LCC alum makes mark as art curator - The Lookout - LCC's Independent Student Newspaper Since 1959
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LCC alum makes mark as art curator

Charles Moore

Charles Moore is an art historian, writer, and curator based out of New York.  Photo from

Mallory Stiles

By Mallory Stiles
Editor in Chief

There have been a lot of LCC graduates who have gone on to live impressive lives, but former LCC student Charles Moore continues to cultivate the type of success that most will only dream about.

Moore, 47, is an art historian, writer, and curator now based in New York. His exhibitions have centered around everything from the work of an artist on death row to the history of pantyhose.

He said he always had high hopes for his life, describing himself as a “very ambitious person,” but he also said that his most recent success as a freelance art curator felt a little unreal.  

“It was always a dream of mine to work on Wall Street,” he said, “but I don’t think I expected that when I first entered the art world, I would ever be curating an exhibition in Mulan.”

Moore was born and raised in Detroit with three younger siblings, but he went to East Lansing for high school and, from there, he began to plan a future of travel.

“People thought I was crazy,” he said with a laugh. “I was just a kid from Detroit talking about living in Italy.”

 After graduating high school, Moore attended Michigan State University as a business administration and finance major. However, due to the general burnout caused by his first few semesters, he took some time off. Eventually, what started as a break became a barrier.

“One year turned into two and two turned into four and then it felt like, ‘Wow, that will probably never happen,’” he said.

Until it did. Moore not only went back and got his bachelor’s degree but he did it in just two years. During this time, he attended both LCC and Ferris State University.

“I took about 18 to 24 credits a semester because I was going almost full-time at both places,” he said. “I started in 2003 and I graduated in 2005.”

Moore also relocated to New York City in 2005. Once there, he was finally able to fulfill his lifelong dream of working on Wall Street; it was while he was working with E1 Asset Management in New York that he also started going for his first master’s degree at St. John’s University.

“I was continuously thinking about languages and living abroad and having an international experience,” he said. “I choose St. John’s because they had a campus in Rome. I went for one semester in New York and then I transferred to the Rome campus and finished my MBA while working at a bank.”

Moore absolutely loves Italy, and still to this day will say it his favorite place in the world. However, the Roman economy still struggles and it was enough to send him back to New York in search of better opportunity after graduation.

He found a good job but he also discovered his passion in life.

“In 2012, I moved back to New York and I started working in wealth management again,” he said. “Within six months of moving back to New York, I started collecting art. It got to the point where I was going to work and I would be in my mentor’s office shushing him in the middle of a meeting because I would be buying art online because I was so obsessed.

“At some point I became so obsessed that I realized art collecting was my true calling.”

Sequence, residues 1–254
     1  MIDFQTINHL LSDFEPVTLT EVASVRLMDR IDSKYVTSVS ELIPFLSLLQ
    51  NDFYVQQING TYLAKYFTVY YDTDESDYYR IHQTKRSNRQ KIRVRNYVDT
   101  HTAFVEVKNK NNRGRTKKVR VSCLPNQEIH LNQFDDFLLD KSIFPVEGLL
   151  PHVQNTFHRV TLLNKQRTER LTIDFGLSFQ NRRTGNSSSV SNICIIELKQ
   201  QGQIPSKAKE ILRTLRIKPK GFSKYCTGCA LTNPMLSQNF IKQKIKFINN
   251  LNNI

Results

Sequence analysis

To not feel out of place, he went back to school AGAIN in 2019 for another Master’s Degree in museum studies from Harvard University. Since then, he has also published four books, three of which center completely around art collecting.

His first book, “The Black Market; A Guide to Art Collecting,” he said was born completely out of necessity.

“I realized that there were no books by Black authors speaking about Black collectors who were collecting the works of Black artists,” Moore said. “So, I decided that I really wanted to write a book that was sort of a 101 to art collecting.”

He added the second and third books (“Israel’s Transformative Artists” and “The Brilliance of the Color Black Through the Eyes of Art Collectors”) were just about getting all that he had experienced, within the world of art, on the page.

Moore also wrote a memoir, titled “Apropos of Running,” but that book more outlines his journey as a marathon runner. He said he has completed 25 marathons in total. To him, running is the thing that reminds him discouragement is a temporary feeling.

His own art collection is now worth approximately a quarter of a million dollars but he describes the process as a journey. He still remembers the first piece he ever bought. It was only $50.

“One of the things I wanted to do when I wrote my books is debunk the ideology that you have to be a millionaire to collect art,” he said.

Moore said his favorite piece has nothing to do with the price. It’s actually a collection of pieces; they are portraits, done by different artists, of his 5-year-old son, Charles II, on every birthday he has had so far.

“They’re works that I would never sell in a million years,” he said, fondly.

LCC Academic and Arts Outreach Coordinator Melissa Kaplan recently spoke with Moore on an episode of her podcast, “Galaxy Forum.” She still remembers how impressed she was by the expansive nature of his resume.

“He’s an inspiration,” Kaplan said. “We’re proud he’s an LCC alumnus!”

Currently, Moore is working on his doctorate dissertation on an abstract expressionist named Ed Clark at the Teachers College within Columbia University while continuing to travel and curate international exhibitions.

Moore’s advice for those struggling in life is to “go where the love is” and “read everything.” He said he feels like he has been almost everywhere, but he will never forget where it all started.

“It was LCC that gave me my first glimpse of adventure,” Moore said.



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